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Getting Prepared For Tax Time As A Business Owner

How would you spend a bit of unexpected cash right now?

A holiday? 

A nice addition to the house deposit savings?

A new car? 

The fun part about tax planning (no, the two aren’t mutually exclusive) is being proactive and finding yourself with a larger stack in the back pocked than you estimated. 

Can you believe it’s that time of year again? We certainly can’t! That’s right folks, accountants’ Christmas, also known as TAX TIME, is just around the corner. And just like at real Christmas, we’re making our lists and checking them twice. 

Here’s a few things to think about to make this year the best end of financial year yet. 

Write-off your assets 

Following the Federal Budget announcement, the Instant Asset Write Off, for assets “first used or installed, and ready to use” between April 3rd, 2019 and June 30, 2020 has been boosted to $30,000. This allows small businesses to claim immediate deductions for new or second-hand plant equipment and asset purchases such as vehicles, tools and office equipment. 

If you purchased assets before 7:30pm on the 2nd April 2019, don’t stress, as long as they were less than $25,000 each, you can write them off too! And, before 28th of January, they had to be less than $20,000. 

Consider your structure 

If you are a sole trader or in a partnership, tax time is a great time to reflect and decide whether you have outgrown your current structure.

Does your structure protect your personal assets like your family home? Is your structure allowing you to legally minimise the amount of tax you are paying? If not and things don’t go well in the coming financial year these things can be at risk.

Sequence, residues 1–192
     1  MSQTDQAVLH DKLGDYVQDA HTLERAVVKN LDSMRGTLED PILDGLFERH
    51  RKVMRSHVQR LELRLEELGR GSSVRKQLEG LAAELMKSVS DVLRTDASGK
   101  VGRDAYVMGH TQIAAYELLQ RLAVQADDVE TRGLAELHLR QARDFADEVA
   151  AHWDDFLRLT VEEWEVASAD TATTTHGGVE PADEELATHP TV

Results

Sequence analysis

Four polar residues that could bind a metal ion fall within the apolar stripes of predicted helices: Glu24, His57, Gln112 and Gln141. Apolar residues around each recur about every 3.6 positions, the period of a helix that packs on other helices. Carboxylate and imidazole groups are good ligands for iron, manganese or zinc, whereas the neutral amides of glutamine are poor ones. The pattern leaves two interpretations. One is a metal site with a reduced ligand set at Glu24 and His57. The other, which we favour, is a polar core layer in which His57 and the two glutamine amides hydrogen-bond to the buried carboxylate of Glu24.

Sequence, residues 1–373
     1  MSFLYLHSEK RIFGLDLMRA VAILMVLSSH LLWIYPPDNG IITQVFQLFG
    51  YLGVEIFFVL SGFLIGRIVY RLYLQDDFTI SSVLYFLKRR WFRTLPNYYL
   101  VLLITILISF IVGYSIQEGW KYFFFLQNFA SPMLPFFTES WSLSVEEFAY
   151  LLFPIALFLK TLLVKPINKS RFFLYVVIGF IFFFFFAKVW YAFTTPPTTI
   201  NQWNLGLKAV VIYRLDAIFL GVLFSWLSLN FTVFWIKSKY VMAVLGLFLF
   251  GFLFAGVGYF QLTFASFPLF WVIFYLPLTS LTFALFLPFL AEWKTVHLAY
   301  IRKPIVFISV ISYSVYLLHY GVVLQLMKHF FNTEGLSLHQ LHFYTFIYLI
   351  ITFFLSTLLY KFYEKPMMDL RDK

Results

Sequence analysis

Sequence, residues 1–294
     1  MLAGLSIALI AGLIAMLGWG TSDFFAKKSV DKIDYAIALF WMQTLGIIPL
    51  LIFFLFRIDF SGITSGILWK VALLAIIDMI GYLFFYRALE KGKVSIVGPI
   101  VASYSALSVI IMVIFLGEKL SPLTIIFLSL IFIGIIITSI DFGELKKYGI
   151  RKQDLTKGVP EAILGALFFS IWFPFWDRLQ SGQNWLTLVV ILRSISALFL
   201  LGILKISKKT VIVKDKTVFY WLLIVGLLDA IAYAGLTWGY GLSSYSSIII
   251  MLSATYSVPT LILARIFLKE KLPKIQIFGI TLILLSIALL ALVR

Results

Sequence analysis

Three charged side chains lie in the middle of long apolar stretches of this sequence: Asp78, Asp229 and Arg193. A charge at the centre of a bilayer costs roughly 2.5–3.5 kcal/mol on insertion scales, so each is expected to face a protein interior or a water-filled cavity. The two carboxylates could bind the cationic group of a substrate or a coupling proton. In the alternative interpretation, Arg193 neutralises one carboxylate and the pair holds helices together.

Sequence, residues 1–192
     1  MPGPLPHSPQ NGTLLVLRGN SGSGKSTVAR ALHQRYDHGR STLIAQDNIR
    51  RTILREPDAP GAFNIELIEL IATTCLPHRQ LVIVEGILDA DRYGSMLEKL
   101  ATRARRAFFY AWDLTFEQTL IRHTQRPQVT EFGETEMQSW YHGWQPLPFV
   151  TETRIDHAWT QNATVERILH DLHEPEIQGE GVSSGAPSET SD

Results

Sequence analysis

Remember as an individual your tax rate can be as high as 45% but a company pays tax at 27.5% (and reducing to 26% in 2020/2021), so there are opportunities.

Our team can help you ensure which business’ structure will serve you best.

Think trust distributions 

To avoid paying tax at 45%, resolve your trust distributions before 30th June. Trust distribution determines which beneficiaries will receive distributions and what portion of trust income they receive. Getting this right can save you thousands of dollars in unnecessary tax bills. Don’t have a trust involved in your structure? Discuss this with your accountant ASAP.

Distribute to bucket companies

Bucket companies are a legitimate options for income from your trust. If there are individuals paying tax at 37% or 45% marginal rates, then distributing to a bucket company at 27.5% capped tax rates might make more sense for your business.

Think outside the box with deductions 

  • Tax deductible super contributions could allow you to contribute up to $25,000 into superannuation before the 30th of June (we recommend seeking advice from your financial advisor before pulling the trigger on this) Remember, $25,000 is your maximum, so if there has already been super contributions during the year, be careful not to go over $25,000
  • Paying deductible expenses as close to June 30 as possible is a good way to minimise cash flow impact.
  • Considering a donation? Anything over $2 is deductable!
  • Professional expenses associated with starting a new business, such as legal and accounting fees, are deductible in the financial year the expenses occurred.

If you need to meet with your accountant before the end of financial year, please book in ASAP, appointments are filling fast!